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Cyber Saturday—BlackBerry’s Biggest Buy, Facebook’s Crisis Mismanagement, Assange’s Secret Charges

November 17, 2018, 10:39 PM UTC

BlackBerry is making its biggest acquisition ever.

The once-dominant smartphone maker known for producing mobile devices so addictive people used to call them “crackberries” said Friday it is plunking down $1.4 billion in cash to buy Cylance, a cybersecurity firm that specializes in machine learning-enabled threat detection. Pending regulatory approval, expected by February, the purchase will deplete more than half of BlackBerry’s cash pile.

The acquisition reflects BlackBerry CEO John Chen’s multiyear imperative: a shift from selling phones to enterprise software and services. He first laid out the strategy shortly after becoming CEO in 2013. (BlackBerry stopped making its own phones two years ago, though it continues to license its brand.)

Chen said in a statement that the addition of Cylance would “immediately complement our entire portfolio.” In particular, he said the business, set to run as an independent unit, would bolster BlackBerry’s “unified endpoint management” software, which helps businesses manage devices and applications, and QNX, an operating system used inside power plants and cars.

With Cylance, BlackBerry is seeking a greater slice of businesses’ information security spend, which market researcher Gartner estimates will exceed $114 billion this year. That BlackBerry is putting up triple the amount it paid for ex-rival Good Technology, its last biggest acquisition, made in 2015, demonstrates that it is fully committed to the pursuit of this new business model—best exemplified by BlackBerry Spark, a platform it is pitching as the secure, connective tissue for all sorts of connected devices.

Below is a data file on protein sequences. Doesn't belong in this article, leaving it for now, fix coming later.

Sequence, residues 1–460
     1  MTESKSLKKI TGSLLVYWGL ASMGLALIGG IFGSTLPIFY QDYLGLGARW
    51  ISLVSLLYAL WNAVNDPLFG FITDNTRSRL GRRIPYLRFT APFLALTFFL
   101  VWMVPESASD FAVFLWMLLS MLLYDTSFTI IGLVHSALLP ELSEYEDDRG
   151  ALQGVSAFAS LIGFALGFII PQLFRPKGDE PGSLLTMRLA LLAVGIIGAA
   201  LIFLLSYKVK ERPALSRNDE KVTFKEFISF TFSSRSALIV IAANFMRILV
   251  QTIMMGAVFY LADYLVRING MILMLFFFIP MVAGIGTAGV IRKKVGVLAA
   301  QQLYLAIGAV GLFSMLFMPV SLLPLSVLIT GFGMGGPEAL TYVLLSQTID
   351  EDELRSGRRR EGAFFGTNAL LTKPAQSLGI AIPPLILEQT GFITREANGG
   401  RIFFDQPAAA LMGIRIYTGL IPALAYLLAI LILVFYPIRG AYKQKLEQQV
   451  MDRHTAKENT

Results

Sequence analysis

If the deal goes through, BlackBerry’s purchase of Cylance will be the latest in a recent series of cybersecurity acquisitions including Cisco buying Duo for $2.4 billion and private equity firm Thoma Bravo taking over Veracode for $950 million. (Rumors are swirling, meanwhile, that Facebook, beset by propagandists, trolls, and privacy breaches, has been poking around for a major cybersecurity acquisition as well.)

Even as Cylance exits the “unicorn” club, a collection of startups privately valued at $1 billion or more, another company has stepped up to take its place. Earlier this week I broke the news that Netskope, a cloud security startup, had earned its unicorn horn after raising a new round of funding worth $170 million. But these mythical beasts are fleeing the stable quicker than their stock can be replenished.

Market consolidation will continue. Businesses are going to be spending more money on cybersecurity in the years to come, but it’s going to be with fewer vendors.

BlackBerry sure hopes it will be one of them.

Have a great weekend.

Robert Hackett


Welcome to the Cyber Saturday edition of Data Sheet, Fortune’s daily tech newsletter. Fortune reporter Robert Hackett here. You may reach Robert Hackett via Twitter, Cryptocat, Jabber (see OTR fingerprint on my, PGP encrypted email (see public key on my, Wickr, Signal, or however you (securely) prefer. Feedback welcome.


Head in the Sand(berg). The New York Times published a deep, deep dive on Facebook's crisis management blunders over the past couple years. The paper claims that Facebook executives—particularly Sheryl Sandberg, the company's chief operating officer—sought to hinder investigations of Russian troll accounts and viral misinformation while minimizing disclosures to the public. Sandberg denied the allegations as "just plain wrong." (The official party line is here.)